Interview with Vladimir Posner: Present Perfect on Russia's Media and Putin's Politics
Peter Lavelle, an independent Moscow-based analyst, had a long chat with Vladimir Posner, Russia's leading media figure and internationally recognized political talk show host on the country's media and politics. Presented here are excerpts from their conservation.
Q: In your opinion how has the electronic media, particularly television, changed and/or evolved during Vladimir Putin's presidency?
Posner: The main media difference under this president is the content found on the airwaves. As far as the three federal broadcasters are concerned - broadcasting all over the country and not through affiliates - there has been a curtailment of news and opinion. These broadcasters are directly controlled or indirectly controlled by the government and it is clear the government, in other words Mr Putin, does not want certain things to figure on the air. This includes the following: Chechnya, especially of any kind of criticism (of government policy there); the Khodorkovsky case [the "oligarch" currently on trial for tax evasion and other charges] and whatever ramifications the case may have; and president Putin himself. These subjects are pretty much taboo now.
Q.: Instead of characterizing Russia's electronic media as simply government controlled, isn't it more important to address the following issue: Are Russian audiences provided with enough accurate information to form informed opinions?
A.: If we are speaking only about television - the three main television broadcasters - then the answer is no. Viewers cannot make an educated decision on what actually is going on in Chechnya. They really don't know what is behind the Khodorkovsky affair - though most people are behind the president on this as there is a general dislike for all the so-called "oligarchs." Also, people don't know much about the president himself and about the decisions he makes. Thus, one could say that people may be relatively well-informed, but there remain certain important areas where they are not informed or have to look for information elsewhere - the print media, for example.
Q.: Given that there are sensitive, even taboo, subjects not to be discussed on the airwaves; does this foreknowledge force a degree of self-censorship?
A.: Of course it does. The vast majority of Russians are still "Soviet" people. There was still a Soviet Union 13 years ago, so anyone who was twenty then and brought up under that system (not to speak of even older people) was clearly formed by that system. Back then, people knew very well what they could say and not say without even being told. It was a built-in reflex. So today, when there is a sense something in air that tells you "Well, better not touch this subject," it is like a Pavlovian reflex as a form of self-preservation.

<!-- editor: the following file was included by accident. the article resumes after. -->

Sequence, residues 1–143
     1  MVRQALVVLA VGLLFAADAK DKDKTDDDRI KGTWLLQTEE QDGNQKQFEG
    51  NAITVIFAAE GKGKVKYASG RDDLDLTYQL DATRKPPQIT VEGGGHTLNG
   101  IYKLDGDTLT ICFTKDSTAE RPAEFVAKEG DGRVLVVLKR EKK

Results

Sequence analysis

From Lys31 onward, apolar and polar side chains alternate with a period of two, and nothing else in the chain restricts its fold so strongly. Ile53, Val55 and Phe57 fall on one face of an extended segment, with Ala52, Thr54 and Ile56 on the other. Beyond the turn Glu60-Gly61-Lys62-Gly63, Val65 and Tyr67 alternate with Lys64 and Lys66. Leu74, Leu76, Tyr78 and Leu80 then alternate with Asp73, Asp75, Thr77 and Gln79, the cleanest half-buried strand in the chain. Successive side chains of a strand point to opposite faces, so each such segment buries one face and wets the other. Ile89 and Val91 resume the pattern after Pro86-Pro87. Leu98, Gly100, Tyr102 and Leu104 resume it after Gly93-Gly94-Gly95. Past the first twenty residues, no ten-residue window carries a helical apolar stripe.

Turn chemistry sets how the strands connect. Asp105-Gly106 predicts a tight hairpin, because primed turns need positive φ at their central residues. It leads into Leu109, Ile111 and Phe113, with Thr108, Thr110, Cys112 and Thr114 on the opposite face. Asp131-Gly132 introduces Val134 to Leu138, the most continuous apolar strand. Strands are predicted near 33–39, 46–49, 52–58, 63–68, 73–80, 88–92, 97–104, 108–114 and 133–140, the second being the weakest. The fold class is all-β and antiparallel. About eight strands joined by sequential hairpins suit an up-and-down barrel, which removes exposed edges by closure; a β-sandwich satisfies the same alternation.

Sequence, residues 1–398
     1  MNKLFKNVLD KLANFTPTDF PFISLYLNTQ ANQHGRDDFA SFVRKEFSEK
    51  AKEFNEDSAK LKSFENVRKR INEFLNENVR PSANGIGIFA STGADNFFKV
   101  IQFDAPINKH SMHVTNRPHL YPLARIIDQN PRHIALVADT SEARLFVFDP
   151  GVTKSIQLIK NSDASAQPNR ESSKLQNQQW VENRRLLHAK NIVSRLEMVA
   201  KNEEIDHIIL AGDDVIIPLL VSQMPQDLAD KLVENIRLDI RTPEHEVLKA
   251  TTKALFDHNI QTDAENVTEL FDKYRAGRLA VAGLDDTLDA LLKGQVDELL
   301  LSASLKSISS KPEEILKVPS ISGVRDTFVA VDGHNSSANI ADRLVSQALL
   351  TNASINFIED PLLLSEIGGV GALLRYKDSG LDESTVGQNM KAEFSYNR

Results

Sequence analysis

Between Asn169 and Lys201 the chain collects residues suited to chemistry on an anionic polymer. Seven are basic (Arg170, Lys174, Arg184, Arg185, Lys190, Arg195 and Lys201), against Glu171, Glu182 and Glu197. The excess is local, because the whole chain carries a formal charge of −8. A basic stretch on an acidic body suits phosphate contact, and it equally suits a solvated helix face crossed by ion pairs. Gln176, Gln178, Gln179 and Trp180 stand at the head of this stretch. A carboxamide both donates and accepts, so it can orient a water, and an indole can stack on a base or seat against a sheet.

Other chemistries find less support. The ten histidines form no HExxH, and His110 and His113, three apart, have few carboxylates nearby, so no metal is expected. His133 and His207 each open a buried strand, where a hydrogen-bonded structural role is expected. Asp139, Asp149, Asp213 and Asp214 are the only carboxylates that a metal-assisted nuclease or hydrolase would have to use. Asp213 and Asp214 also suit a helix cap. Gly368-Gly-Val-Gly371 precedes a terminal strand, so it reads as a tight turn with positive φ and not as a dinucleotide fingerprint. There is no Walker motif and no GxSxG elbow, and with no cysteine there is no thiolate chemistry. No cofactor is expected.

Q.: Among academics and some of the better journalists, there is a debate about Russia's political and economic development. Do you think that economic progress is incompatible with political pluralism as understood in the American context? Or presented differently, as stated in a recent "Scotland on Sunday" article, "He may be an economic liberal, but Putin is an Andropov at heart."
A.: I would say to Americans that such a characterization is like a propaganda picture. I would simply point to China, where there is no political freedom. Compared to Russia, China is a total dictatorship. There are no differing opinions to be found in newspapers or television - everything is controlled directly through the government and the (Communist) party. There are no elections and a one-party system. And yet, everyone points out China's economic successes, which is an open capitalist market. So if it can work there, why can't it work elsewhere?
What I think happens is that in the West, particularly in America, there is the perception that the Chinese are, well, Chinese. We can allow them to be the way they are, whereas the Russians should be like us because we are white. Thus, what should apply to the Chinese should not be allowed for Russians.
However, ultimately I believe that one cannot have an open market system without political pluralism - eventually China will have to either change its current economic system or political system. Thus, in the long run, I agree that economic progress is incompatible with political pluralism.
Now, if you want to talk about Russia and Putin. Putin is no (Yuri) Andropov; let's not kid ourselves. Yes, he worked in the KGB when it was the KGB, he worked in the FSS - the KGB's successor, and he even headed the FSB for a short time. But there is no comparing of the two men. Andropov was a true blue, or should I say true red, communist with a very narrow view. As a matter of fact, I am very glad he passed away when he did. Had he realized that the Soviet Union could not long compete and standup to the West, particularly the United States, and was in danger of falling apart, I think he would have launched a nuclear attack. That was the mindset of that kind of person. This is something Putin would never do.
People have to understand where this country is coming from. During the Yeltsin years, when supposedly there was more freedom of speech and democracy, it was complete bedlam and crisis. The fact that this man Putin, in his own way, is trying to bring some order to the country is understandable. Yes, he is not very democratic, how could he be a democrat? On the other hand, he certainly is not a KGB dictator.